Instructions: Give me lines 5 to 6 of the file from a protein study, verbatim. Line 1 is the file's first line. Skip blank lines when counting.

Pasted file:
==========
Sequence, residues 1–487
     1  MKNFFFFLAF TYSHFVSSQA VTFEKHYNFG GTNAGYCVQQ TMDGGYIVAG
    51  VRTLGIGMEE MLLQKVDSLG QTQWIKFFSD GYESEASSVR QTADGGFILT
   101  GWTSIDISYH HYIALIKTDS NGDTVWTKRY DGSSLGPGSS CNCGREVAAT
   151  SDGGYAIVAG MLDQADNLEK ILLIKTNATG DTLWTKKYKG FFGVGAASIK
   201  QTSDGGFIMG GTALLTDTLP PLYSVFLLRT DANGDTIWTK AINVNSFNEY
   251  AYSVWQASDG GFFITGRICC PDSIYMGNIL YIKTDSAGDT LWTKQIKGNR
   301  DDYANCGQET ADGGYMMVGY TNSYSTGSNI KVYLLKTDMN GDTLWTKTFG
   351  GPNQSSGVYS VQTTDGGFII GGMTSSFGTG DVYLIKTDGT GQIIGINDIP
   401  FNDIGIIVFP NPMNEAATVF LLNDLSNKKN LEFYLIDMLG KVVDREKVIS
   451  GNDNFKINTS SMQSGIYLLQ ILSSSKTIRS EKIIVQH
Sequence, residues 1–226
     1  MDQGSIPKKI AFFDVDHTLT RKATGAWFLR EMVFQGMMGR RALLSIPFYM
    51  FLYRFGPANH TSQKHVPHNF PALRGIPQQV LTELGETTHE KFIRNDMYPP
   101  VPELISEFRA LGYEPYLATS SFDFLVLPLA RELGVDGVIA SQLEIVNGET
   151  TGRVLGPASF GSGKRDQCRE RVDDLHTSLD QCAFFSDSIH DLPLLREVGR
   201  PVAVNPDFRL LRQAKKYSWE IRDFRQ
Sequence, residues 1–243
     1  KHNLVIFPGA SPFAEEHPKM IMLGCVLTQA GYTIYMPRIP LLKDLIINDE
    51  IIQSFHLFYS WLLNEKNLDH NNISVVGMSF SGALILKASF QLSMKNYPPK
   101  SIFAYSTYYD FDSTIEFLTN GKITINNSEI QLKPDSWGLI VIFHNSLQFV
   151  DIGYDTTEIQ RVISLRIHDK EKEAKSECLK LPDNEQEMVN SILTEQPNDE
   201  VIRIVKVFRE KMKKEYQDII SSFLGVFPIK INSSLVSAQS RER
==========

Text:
   151  SDGGYAIVAG MLDQADNLEK ILLIKTNATG DTLWTKKYKG FFGVGAASIK
   201  QTSDGGFIMG GTALLTDTLP PLYSVFLLRT DANGDTIWTK AINVNSFNEY